The Dublin University Magazine, Volume 9

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William Curry, Jun., and Company, 1837

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Page 411 - Of all that is most beauteous — imaged there In happier beauty ; more pellucid streams, An ampler ether, a diviner air, And fields invested with purpureal gleams ; Climes which the Sun, who sheds the brightest day Earth knows, is all unworthy to survey. Yet there the Soul shall enter which hath earned That privilege by virtue
Page 95 - Ireland ; no man shall be accounted or taken to be a lawful Bishop, Priest, or Deacon in the United Church of England and Ireland, or suffered to execute any of the said Functions, except he be called, tried, examined, and admitted thereunto, according to the Form hereafter following, or hath had formerly Episcopal Consecration, or Ordination.
Page 443 - IN the Eleventh Century Sigurd, Earl of the OrkneyIslands, went with a fleet of ships and a considerable body of troops into Ireland, to the assistance of Sictryg with the silken beard, who was then making war on his father-in-law Brian, King of Dublin: the Earl and all his forces were cut to pieces, and...
Page 141 - We were on good terms, but his brother was my intimate friend. There were always great hopes of Peel, amongst us all, masters and scholars — and he has not disappointed them. As a scholar he was greatly my superior ; as a declaimer and actor, I was reckoned at least his equal ; as a schoolboy, out of school, I was always in scrapes, and he never ; and in school, he always knew his lesson, and I rarely, — but when I knew it, I knew it nearly as well. In general information, history, &c. &c., I...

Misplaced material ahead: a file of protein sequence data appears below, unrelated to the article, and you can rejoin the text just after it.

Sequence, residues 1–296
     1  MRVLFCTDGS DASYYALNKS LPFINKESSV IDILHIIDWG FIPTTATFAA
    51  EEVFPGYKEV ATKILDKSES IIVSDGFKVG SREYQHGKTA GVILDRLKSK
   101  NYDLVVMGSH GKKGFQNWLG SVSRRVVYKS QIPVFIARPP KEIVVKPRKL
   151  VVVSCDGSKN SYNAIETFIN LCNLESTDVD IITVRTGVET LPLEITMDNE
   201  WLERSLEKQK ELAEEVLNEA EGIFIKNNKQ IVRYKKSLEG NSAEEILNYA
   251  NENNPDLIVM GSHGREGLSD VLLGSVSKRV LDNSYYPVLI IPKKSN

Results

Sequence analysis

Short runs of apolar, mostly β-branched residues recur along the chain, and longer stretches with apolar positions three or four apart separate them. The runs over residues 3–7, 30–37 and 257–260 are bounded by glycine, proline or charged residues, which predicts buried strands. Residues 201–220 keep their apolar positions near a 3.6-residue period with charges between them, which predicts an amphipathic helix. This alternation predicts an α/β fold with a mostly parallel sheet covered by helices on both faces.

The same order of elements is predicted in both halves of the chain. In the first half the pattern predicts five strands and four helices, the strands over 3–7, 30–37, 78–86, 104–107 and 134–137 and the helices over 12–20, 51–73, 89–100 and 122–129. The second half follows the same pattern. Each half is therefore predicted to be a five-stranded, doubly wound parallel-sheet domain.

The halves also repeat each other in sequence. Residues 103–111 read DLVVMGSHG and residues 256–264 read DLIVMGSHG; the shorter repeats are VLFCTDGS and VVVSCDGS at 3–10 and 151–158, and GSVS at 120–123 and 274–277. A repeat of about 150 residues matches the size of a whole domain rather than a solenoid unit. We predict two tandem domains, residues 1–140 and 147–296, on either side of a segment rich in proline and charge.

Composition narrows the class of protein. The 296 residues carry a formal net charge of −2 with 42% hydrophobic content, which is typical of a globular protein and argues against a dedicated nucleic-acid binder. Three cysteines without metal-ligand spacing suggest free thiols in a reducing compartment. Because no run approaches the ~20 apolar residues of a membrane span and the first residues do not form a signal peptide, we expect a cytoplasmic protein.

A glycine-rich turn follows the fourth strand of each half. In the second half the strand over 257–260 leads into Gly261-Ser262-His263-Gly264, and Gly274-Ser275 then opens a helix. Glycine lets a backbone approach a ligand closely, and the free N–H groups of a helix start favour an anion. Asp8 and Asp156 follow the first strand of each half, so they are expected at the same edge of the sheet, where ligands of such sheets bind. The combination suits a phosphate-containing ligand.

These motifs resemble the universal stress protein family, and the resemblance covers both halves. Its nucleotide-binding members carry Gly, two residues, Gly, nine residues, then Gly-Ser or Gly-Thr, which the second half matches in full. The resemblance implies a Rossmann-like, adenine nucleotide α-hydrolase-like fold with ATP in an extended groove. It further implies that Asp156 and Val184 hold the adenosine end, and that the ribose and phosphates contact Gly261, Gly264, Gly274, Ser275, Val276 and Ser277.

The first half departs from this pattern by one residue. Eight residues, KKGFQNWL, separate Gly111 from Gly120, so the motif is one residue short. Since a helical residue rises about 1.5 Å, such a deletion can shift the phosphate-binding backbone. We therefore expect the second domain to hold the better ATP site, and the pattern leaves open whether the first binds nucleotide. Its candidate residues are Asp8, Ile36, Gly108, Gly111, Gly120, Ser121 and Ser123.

Page 91 - That the churches of England and Ireland,, as now by law established, be united into one Protestant Episcopal Church, to be called The United Church of England and Ireland; and that the doctrine, worship, discipline, and government of the said united church shall be, and shall remain in full force for ever, as the same are now by law established for the church of England ; and...
Page 91 - That the Churches of England and Ireland, as now by Law established, be united into one Protestant Episcopal Church, to be called The United Church of England and Ireland ; and that the Doctrine, Worship, Discipline, and Government of the said United Church shall be, and shall remain in full force for ever, as the same are now by Law established for the Church of England...
Page 485 - It will, therefore, not seem at all surprizing that he was zealous in acknowledging the brilliant merit of his son. While it had as yet been displayed only in the drama, Johnson proposed him as a member of THE LITERARY CLUB, observing, that " He who has written the two best comedies of his age, is surely a considerable man.
Page 473 - ... spoke copiously and powerfully about Cicero. He had read, and he had understood, the four orations of Demosthenes, read and taught in our public schools. He was at home in Virgil and in Horace. I cannot speak positively about Homer, — but I am very sure that he read the Iliad now and then; not as a professed scholar would do, critically, but with all the strong sympathies of a poet reading a poet...
Page 408 - Whether we provide for action or conversation, whether we wish to be useful or pleasing, the first requisite is the religious and moral knowledge of right and wrong ; the next is an acquaintance with the history of mankind, and with those examples which may be said to embody truth, and prove by events the reasonableness of opinions.
Page 408 - Prudence and justice are virtues and excellences of all times and of all places ; we are perpetually moralists, but we are geometricians only by chance. Our intercourse with intellectual nature is necessary ; our speculations upon matter are voluntary and at leisure.

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